• Cranial nerves arising from the brain
      • Somatic fibers connecting to the skin and skeletal muscles
      • Autonomic fibers connecting to viscera
    • Spinal nerves arising from the spinal cord
      • Somatic fibers connecting to the skin and skeletal muscles
      • Autonomic fibers connecting to viscera
  • 49. Nervous System Subdivisions
  • 50. Structure of a Peripheral Nerve
  • 51. Nerve Fiber Classification
    • Sensory Nerves – conduct impulses into brain or spinal cord
    • Motor Nerves – conduct impulses to muscles or glands
    • Mixed Nerves – contain both sensory nerve fibers and motor nerve fibers; most nerves
  • 52. Nerve Fiber Classification
    • General somatic efferent fibers
      • carry motor impulses from CNS to skeletal muscles
    • General visceral efferent fibers
      • carry motor impulses away from CNS to smooth muscles and glands
    • General somatic afferent fibers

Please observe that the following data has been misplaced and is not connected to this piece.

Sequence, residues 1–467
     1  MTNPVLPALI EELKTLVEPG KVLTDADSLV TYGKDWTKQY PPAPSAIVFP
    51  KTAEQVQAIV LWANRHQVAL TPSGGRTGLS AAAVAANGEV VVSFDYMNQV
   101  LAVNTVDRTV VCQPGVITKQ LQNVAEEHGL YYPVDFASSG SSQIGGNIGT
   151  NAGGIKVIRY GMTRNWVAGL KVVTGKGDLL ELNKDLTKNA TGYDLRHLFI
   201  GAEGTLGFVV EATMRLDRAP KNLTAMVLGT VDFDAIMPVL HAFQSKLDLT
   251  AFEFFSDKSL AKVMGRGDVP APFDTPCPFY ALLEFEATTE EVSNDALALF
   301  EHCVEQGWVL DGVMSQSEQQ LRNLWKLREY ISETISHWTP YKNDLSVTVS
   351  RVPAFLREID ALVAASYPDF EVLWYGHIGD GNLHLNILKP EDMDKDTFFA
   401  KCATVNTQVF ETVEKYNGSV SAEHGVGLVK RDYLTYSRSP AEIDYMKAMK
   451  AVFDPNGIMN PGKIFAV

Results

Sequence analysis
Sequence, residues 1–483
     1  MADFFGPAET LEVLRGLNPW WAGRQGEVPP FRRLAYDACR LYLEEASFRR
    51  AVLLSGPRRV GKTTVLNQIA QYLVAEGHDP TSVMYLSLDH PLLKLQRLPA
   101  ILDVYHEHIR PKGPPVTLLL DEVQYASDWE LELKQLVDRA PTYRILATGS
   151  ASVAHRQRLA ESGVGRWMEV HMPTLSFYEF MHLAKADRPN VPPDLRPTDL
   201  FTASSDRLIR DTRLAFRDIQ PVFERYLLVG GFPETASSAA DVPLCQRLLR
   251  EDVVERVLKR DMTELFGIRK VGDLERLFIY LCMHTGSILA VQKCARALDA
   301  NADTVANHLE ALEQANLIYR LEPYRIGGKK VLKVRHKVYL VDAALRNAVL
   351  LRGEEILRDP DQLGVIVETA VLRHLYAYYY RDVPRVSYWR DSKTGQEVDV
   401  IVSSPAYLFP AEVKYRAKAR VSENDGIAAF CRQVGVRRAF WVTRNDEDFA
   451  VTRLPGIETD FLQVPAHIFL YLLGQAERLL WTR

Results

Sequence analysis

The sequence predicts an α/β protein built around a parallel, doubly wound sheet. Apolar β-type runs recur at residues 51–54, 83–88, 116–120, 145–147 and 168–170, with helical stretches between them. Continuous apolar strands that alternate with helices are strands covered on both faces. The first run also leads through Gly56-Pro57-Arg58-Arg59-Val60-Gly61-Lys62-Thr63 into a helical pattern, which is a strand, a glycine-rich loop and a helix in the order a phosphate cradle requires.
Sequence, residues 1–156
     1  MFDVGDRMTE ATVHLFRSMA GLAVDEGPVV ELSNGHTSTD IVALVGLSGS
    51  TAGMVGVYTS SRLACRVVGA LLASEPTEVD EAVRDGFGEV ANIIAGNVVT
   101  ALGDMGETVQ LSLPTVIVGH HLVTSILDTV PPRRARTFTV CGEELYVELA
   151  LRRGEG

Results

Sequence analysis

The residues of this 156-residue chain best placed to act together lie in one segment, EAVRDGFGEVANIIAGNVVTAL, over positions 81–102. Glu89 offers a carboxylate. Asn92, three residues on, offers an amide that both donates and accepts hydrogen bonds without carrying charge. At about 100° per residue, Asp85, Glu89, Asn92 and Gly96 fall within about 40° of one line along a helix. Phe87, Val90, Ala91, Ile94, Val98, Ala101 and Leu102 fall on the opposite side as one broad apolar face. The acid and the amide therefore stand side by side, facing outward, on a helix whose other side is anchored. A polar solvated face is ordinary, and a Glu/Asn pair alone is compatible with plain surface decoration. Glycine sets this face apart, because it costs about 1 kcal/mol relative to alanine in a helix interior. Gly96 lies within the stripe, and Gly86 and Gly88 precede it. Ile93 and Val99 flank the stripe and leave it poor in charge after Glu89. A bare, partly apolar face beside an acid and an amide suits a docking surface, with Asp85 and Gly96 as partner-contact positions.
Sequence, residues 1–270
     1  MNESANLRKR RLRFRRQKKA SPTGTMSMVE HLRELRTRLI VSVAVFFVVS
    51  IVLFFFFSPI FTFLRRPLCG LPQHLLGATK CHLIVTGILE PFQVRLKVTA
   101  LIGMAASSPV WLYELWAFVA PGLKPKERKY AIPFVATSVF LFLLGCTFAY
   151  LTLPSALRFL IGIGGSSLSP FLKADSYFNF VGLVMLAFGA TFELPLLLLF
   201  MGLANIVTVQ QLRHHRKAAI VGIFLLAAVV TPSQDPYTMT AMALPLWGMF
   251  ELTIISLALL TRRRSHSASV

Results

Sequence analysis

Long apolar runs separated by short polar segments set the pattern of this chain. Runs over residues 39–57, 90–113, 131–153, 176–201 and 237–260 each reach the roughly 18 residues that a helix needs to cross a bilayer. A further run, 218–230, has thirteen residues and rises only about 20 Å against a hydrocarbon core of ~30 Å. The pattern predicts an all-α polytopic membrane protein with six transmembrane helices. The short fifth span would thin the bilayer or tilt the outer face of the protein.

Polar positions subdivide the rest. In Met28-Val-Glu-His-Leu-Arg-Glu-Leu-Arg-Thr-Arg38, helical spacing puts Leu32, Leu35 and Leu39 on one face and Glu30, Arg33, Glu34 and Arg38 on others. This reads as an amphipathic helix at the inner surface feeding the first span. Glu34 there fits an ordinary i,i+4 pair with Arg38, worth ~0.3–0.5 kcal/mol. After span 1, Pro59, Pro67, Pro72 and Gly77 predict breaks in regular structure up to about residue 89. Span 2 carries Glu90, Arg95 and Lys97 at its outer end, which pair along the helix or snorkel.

• carry sensory impulses to CNS from skin and skeletal muscles
    • General visceral afferent fibers
      • carry sensory impulses to CNS from blood vessels and internal organs
  • 53. Nerve Fiber Classification
    • Special somatic efferent fibers
      • carry motor impulses from brain to muscles used in chewing, swallowing, speaking, and forming facial expressions
    • Special visceral afferent fibers
      • carry sensory impulses to brain from olfactory and taste receptors
    • Special somatic afferent fibers
      • carry sensory impulses to brain from receptors of sight, hearing, and equilibrium
  • 54. Cranial Nerves
  • 55. Cranial Nerves I and II
    • Olfactory (I)
      • sensory
      • fibers transmit impulses associated with smell
    • Optic (II)
      • sensory
      • fibers transmit impulses associated with vision
  • 56. Cranial Nerves III and IV
    • Trochlear (IV)
      • some sensory
        • proprioreceptors
      • primarily motor
      • motor impulses to muscles that move the eyes
    • Oculomotor (III)
      • some sensory
        • proprioreceptors
      • primarily motor
      • motor impulses to muscles that
        • raise eyelids
        • move the eyes
        • focus lens
        • adjust light entering eye
  • 57. Cranial Nerve V
    • Trigeminal (V)
      • mixed
      • opthalmic division
        • sensory from surface of eyes, tear glands, scalp, forehead, and upper eyelids
      • maxillary division
        • sensory from upper teeth, upper gum, upper lip, palate, and skin of face